Shaun O’Hara Officially Calls it Quits

On Monday, former New York Giants center Shaun O’Hara came back to the Timex Performance Center to officially announce his retirement.  O’Hara, who didn’t play last season after the Giants decided to let him go in favor of free agent David Baas, joined the NFL in 2000 with the Cleveland Browns and joined the Giants in 2004.

The New Jersey native attended Hillsborough High School before walking on at Rutgers.  He would sign with the Browns as an undrafted free agent and would go on to appear in one Super Bowl and 3 Pro Bowls.

O’Hara, 35, last played in 2010, a season in which he appeared in only six games because of knee and ankle problems.  The Giants let him go while he was trying to rehab from those injuries and a few NFL teams gave him a call but ultimately decided to pass on the center.

“I’ve been dreading this moment my entire career,” O’Hara said.  “Admitting to myself, as well as publicly, that my body can no longer keep up with the demands of being a professional athlete. I wasn’t the most gifted athlete, but I learned early on in my life that perseverance is more valuable than talent. I can honestly say that I squeezed every ounce of ability out of my body and I have no regrets.”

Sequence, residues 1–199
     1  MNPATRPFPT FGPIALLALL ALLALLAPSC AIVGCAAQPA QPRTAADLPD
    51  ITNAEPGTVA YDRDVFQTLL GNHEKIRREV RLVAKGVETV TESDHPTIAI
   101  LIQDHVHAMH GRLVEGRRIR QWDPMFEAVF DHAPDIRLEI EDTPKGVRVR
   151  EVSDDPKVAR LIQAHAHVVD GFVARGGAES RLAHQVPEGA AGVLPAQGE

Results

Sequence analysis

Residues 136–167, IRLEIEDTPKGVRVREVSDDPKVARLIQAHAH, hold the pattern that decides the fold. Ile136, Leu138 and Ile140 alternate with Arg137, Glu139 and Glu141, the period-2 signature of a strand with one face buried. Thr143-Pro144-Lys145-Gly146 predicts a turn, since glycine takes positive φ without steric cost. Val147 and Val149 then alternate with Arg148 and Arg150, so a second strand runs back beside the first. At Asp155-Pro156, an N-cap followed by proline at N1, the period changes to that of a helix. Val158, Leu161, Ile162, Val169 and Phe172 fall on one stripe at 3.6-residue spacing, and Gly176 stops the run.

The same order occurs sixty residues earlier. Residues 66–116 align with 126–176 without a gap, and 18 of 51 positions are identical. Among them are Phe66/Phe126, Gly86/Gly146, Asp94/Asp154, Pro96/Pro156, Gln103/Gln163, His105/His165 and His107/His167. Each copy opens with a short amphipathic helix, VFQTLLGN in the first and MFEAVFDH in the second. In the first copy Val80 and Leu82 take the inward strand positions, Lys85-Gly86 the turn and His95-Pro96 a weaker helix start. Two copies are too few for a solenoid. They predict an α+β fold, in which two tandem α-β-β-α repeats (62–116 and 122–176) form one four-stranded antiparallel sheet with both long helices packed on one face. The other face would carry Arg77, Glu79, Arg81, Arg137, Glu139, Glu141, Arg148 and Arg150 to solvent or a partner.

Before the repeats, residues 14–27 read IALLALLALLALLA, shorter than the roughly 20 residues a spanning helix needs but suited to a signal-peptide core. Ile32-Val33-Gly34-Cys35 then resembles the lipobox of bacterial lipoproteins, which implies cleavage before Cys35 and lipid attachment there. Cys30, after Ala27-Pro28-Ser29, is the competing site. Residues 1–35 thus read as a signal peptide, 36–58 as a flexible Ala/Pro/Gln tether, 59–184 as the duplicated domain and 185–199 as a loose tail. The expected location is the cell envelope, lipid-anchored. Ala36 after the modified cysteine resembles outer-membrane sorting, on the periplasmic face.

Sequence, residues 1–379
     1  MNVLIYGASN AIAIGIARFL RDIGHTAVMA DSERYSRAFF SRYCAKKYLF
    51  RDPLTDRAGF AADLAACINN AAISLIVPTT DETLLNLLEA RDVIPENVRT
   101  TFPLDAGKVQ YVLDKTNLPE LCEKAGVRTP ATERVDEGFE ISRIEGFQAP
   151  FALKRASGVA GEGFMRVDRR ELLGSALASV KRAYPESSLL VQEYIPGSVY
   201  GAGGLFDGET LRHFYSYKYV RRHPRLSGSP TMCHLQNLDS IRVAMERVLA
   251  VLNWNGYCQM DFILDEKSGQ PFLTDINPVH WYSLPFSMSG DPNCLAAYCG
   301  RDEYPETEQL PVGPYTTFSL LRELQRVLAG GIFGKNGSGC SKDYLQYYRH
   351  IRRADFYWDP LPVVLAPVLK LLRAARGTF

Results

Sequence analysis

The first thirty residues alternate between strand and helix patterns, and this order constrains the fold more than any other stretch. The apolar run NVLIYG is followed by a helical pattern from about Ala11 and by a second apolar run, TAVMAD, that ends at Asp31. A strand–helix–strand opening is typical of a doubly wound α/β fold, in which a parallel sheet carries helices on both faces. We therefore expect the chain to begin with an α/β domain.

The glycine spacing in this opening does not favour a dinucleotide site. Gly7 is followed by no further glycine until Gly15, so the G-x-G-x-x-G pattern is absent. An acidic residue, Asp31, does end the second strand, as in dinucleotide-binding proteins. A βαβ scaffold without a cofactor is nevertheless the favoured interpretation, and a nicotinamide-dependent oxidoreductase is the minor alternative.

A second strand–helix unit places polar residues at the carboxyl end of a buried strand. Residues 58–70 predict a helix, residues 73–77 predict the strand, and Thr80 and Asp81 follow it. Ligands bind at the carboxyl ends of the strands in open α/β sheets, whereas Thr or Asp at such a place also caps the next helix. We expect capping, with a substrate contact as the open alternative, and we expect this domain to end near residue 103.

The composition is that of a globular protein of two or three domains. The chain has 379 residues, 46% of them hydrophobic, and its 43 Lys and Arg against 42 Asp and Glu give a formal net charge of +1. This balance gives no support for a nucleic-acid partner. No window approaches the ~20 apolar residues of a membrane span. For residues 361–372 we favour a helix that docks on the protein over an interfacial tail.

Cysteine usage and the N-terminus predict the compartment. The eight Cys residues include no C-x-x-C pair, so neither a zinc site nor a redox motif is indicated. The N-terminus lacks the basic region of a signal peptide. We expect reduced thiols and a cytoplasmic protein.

No regrets.  When it’s all said and done and you can look back on any career you have chosen as an individual and say you have no regrets then you know you have had a pretty satisfying career regardless of what it was.

While O’Hara is now officially done playing football it doesn’t mean he is walking away from the game.  After reaching out to former teammates, including Michael Strahan, O’Hara has decided to join the NFL Network as an analyst.  Strahan has gone on to a pretty successful post-NFL career, appearing on Fox’s pregame show and now joining Kelly Ripa on “Live” on ABC.

O’Hara should bring a unique perspective to the NFL Network as he has been through almost everything a player can go through, from being undrafted and struggling to make a team to being a Pro Bowler to Super Bowl champion.


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